To prevent underfeeding, it’s vital to understand the signs of a hungry bearded dragon. These can include a lack of energy, weight loss, and lack of growth in young dragons. It’s crucial to feed them regularly, and if they’re still hungry after feeding, they may need more food.

The Impact of a Proper Feeding Schedule on a Dragon’s Growth and Lifespan

A well-balanced, appropriate feeding schedule is vital to a bearded dragon’s growth and lifespan. Baby and juvenile bearded dragons require a high protein diet for optimal growth. Lack of proper nutrition during these stages can lead to growth issues and developmental problems.

Dragon's Growth and Lifespan

An adult dragon needs a balanced diet rich in vegetables, supplemented by insects and occasional fruits. Failure to provide this can result in obesity and associated health issues that can affect lifespan.

The integration of appropriate supplements into the diet is also crucial. Deficiency in calcium and vitamin D3 can lead to metabolic bone disease, which can be fatal if left untreated.

In essence, the right feeding schedule contributes significantly to the overall health, growth, and longevity of a bearded dragon.

Feeding Schedule FAQs: Addressing Common Questions

Over the years of owning and caring for bearded dragons, there are common questions that come up around their feeding schedule. Here are a few:

  • “How often should I feed my bearded dragon?” The frequency varies with age. Babies should be fed 2-3 times a day, juveniles once or twice daily, and adults can be fed every day or every other day.
  • “What foods should be avoided?” Avocado, rhubarb, and any insects caught in the wild should be avoided due to potential toxicity or parasites.
  • “How do I know if my bearded dragon is over or underweight?” Regular weight checks and visual inspection (a healthy bearded dragon should have a rounded but not bloated belly) are vital. Consult with a vet if you’re unsure.

Food Storage and Preparation for a Streamlined Feeding Schedule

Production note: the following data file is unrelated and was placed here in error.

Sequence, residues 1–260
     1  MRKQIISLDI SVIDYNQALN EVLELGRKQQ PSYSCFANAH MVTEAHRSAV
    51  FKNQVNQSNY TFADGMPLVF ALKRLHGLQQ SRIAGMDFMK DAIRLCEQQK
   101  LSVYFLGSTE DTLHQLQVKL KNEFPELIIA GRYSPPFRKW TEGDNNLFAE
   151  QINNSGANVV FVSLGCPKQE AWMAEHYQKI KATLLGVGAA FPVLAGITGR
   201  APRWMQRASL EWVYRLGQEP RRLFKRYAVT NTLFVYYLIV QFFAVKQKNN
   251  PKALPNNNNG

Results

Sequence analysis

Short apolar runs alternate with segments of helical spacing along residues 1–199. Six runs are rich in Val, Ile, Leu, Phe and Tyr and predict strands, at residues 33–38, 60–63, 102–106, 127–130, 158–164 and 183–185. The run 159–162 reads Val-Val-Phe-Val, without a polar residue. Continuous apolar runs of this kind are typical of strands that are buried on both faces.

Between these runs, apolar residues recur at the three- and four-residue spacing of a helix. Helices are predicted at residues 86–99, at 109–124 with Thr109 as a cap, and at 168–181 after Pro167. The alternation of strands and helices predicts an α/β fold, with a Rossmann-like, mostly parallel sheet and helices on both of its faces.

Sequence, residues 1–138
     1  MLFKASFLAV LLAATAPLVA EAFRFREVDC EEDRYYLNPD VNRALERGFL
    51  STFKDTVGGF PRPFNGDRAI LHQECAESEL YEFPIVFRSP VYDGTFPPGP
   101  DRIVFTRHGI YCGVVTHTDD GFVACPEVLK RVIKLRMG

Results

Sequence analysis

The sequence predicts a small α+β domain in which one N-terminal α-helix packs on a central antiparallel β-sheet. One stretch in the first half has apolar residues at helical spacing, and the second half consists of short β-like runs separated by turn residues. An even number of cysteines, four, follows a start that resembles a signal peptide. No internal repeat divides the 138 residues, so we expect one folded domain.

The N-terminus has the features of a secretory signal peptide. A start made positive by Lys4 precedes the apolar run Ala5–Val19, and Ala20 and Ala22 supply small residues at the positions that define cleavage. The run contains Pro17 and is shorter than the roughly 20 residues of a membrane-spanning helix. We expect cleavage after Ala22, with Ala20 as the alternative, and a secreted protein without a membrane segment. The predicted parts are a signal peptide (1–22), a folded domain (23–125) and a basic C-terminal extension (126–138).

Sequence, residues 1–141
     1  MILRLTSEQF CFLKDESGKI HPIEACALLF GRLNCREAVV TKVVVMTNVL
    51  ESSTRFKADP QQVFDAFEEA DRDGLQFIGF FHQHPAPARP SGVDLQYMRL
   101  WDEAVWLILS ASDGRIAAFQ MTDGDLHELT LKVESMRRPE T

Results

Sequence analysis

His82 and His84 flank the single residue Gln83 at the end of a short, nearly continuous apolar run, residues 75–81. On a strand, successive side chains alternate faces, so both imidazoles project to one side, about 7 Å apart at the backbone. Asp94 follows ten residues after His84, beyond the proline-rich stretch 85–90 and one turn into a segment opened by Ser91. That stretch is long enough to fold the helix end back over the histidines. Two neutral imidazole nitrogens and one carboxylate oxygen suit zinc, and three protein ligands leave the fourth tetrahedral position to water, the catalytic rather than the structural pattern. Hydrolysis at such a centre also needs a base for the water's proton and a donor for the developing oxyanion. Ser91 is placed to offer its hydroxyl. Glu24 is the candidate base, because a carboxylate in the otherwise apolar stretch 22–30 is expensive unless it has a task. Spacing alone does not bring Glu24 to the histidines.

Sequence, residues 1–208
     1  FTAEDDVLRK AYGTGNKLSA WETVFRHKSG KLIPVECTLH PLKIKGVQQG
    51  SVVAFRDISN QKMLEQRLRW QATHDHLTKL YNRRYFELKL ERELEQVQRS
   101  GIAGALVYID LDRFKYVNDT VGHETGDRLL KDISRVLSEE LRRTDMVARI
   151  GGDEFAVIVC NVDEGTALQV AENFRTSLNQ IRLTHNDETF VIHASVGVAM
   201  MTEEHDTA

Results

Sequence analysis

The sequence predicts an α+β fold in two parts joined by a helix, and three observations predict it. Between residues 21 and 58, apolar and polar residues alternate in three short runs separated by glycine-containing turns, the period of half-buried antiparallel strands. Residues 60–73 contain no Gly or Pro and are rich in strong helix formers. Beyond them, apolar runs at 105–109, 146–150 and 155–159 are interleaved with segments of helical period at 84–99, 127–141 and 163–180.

Good food storage and preparation practices can help streamline your bearded dragon’s feeding schedule and ensure they always get fresh, nutritious meals. Store vegetables in the refrigerator to keep them fresh, and always wash them before feeding to remove any pesticides or dirt.

Insects can often be purchased in bulk and stored appropriately. Some, like crickets and dubia roaches, can be kept in ventilated containers and fed a nutrient-rich diet (known as gut loading) before feeding them to your dragon.

Commercial diets should be stored in a cool, dry place to prevent spoilage. Always check the expiration date before feeding.

When preparing meals, chop vegetables finely to make them easier for your bearded dragon to eat. Also, ensure any insects fed to your dragon are an appropriate size – generally, they should not be larger than the space between your dragon’s eyes.


Proper feeding schedules are a fundamental part of ensuring the health, growth, and longevity of bearded dragons. Whether you’re taking care of a baby, juvenile, or adult bearded dragon, understanding their specific dietary needs is crucial. The dietary requirements shift from being protein-dense in the early stages of life, to a diet primarily consisting of vegetables as they reach adulthood.

Incorporating a variety of insects, vegetables, and fruits, and the thoughtful integration of supplements, helps to provide a well-rounded diet that meets their nutritional needs. Attention to hydration is just as important, with the approach varying based on the age and health condition of the dragon.

Adjustments in the feeding schedule might be necessary depending on circumstances such as breeding, illness, and seasonality. Awareness of common pitfalls like overfeeding and underfeeding, and reliance on commercial diets can help avoid health issues. Regular vet check-ups are vital to catch any potential problems early on.

By being attentive and responsive to their dietary needs, maintaining good food storage and preparation practices, you can ensure a healthy, happy, and long life for your bearded dragon. Care for these exotic pets may require a bit of effort, but the reward of witnessing their growth and vitality is immeasurable.

  • About Matthew Cantell

    I was just 15 years of age when I first met a bearded dragon. It was at my friend's house and I instantly grew an immediate attraction to, what has now become, my favourite animal on the planet! Making fantastic pets for both children and adults alike, they each have their own personality and are certainly full of character. There are, though, some important things that we should all know when it comes to caring for these amazing animals!